Business / Economy

The dream and reality for young Chinese workers

By Cai Muyuan (China Daily) Updated: 2014-04-28 15:02

Zeng Xiangquan, head of the school of human resources at Renmin University of China, says despite a recent slump in China's manufacturing sector and concerns over flagging GDP growth, wages will continue rising on the back of strong demand for labor that's being exacerbated by the advent of a rapidly aging workforce.

"The Chinese economy will continue to grow, irrespective of whether it's at the double-digit rate like a few years ago, or at the current, single-digit rate," he says. "The labor force, especially those under the age of 24, is decreasing while demand for labor is increasing."

Zeng says businesses in China are already competitively hiking wages, improving conditions and offering perks in a bid to attract a shrinking pool of workers.

But while the government is committed to improving wages and standards of living, Zeng says there's still a long way to go.

"The overall (average) wage in China is 10 percent of that in developed countries," he says.

While pay packets are increasing, some say the workload is going up, too.

The dream and reality for young Chinese workers
Xu Libo
On a factory floor near the outskirts of Beijing, Xu Libo pops his head out of a bus engine bay. Up and down the manufacturing line, other Foton automotive workers weld and grind and bolt the people movers together.

Xu, a 32-year-old migrant worker from Shiyan in Hebei province, says his wages have almost doubled to 5,000 yuan per month in the past five years. But there's a tradeoff. He now works an average of 11 hours per day, six days a week, compared with eight hours a day roughly two years ago.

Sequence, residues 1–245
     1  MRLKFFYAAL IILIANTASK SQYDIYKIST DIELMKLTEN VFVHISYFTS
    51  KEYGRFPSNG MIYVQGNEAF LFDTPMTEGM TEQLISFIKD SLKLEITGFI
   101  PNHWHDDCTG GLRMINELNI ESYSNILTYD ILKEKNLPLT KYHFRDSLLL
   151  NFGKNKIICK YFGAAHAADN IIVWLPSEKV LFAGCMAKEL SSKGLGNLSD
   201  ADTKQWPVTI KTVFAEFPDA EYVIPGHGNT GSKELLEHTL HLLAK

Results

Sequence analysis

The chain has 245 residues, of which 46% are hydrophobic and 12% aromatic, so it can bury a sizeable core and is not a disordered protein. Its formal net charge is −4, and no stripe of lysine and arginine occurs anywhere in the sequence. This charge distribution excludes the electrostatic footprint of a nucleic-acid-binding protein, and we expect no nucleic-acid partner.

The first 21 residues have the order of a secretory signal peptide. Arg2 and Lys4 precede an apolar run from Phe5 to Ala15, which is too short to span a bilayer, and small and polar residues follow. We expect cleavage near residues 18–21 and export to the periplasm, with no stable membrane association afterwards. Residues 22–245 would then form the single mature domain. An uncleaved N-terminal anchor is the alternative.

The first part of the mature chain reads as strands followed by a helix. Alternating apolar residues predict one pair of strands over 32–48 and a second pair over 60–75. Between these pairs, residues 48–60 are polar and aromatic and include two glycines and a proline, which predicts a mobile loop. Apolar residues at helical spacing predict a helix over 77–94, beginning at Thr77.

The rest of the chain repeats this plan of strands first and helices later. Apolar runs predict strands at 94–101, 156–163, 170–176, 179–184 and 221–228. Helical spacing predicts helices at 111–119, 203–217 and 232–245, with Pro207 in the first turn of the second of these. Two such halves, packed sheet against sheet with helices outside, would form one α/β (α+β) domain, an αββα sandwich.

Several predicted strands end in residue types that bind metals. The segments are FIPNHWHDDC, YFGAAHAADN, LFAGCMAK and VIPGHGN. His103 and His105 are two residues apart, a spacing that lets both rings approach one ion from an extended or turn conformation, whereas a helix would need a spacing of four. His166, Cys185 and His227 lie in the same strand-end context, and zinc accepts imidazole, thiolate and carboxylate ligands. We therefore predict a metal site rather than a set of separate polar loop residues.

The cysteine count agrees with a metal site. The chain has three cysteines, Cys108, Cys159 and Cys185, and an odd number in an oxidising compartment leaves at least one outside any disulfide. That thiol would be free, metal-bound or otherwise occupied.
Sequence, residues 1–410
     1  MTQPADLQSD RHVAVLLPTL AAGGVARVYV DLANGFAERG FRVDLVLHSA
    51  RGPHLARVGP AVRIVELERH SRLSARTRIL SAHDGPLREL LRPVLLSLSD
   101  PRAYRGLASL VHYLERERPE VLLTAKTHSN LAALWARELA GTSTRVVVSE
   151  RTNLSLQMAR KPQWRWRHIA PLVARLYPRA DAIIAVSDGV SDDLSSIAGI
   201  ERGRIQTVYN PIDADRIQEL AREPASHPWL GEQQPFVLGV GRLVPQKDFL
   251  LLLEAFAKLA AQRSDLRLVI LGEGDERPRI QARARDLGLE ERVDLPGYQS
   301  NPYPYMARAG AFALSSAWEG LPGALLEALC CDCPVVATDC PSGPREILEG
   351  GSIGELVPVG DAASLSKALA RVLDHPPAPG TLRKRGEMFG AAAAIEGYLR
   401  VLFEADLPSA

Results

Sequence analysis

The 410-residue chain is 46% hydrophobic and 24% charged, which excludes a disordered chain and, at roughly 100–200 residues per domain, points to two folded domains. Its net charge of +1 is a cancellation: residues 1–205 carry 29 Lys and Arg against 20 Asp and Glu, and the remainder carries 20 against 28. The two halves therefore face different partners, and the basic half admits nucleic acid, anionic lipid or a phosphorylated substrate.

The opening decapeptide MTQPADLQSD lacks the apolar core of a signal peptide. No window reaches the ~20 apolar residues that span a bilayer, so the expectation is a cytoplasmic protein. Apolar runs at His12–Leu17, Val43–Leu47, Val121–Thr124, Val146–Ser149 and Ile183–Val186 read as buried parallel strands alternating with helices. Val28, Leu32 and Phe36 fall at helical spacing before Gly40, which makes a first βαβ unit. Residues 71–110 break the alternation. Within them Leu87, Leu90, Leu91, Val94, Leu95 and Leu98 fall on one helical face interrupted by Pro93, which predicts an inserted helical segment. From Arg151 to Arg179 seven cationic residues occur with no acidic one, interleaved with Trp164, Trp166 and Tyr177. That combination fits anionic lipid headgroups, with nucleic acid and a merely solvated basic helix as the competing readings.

A married father of one, Xu reckons more money for more work is a decent deal.

What they want...

Li the Foxconn supervisor now earns enough to have his wife and two children live with him in Shenzhen, a rarity for a migrant worker. His wish in life is to have financial security, so his children can follow their dreams.

Sun the Foxconn middle manager wants to continue climbing the corporate ladder.

Sitting at her sewing machine, Zhao daydreams about seeing her daughter more than twice a year.

Yang the manufacturing matron wants to earn more money.

Xu from the bus factory looks forward to the moment at the end of every shift when he phones home. His three-year-old daughter sings him songs and reads him Chinese poetry. One day soon, he hopes to be with her in person, when she does.

Xu wants to take his entire family on a holiday. They've never had one.

Jiang is proud that she makes things that are used everyday by people all over China, and the world. She also believes hard work in her country can produce more than just iPhones and buses and clothing.

"I believe you make your own destiny."

Xie Wenjia contributed to this story.

Hot Topics

Editor's Picks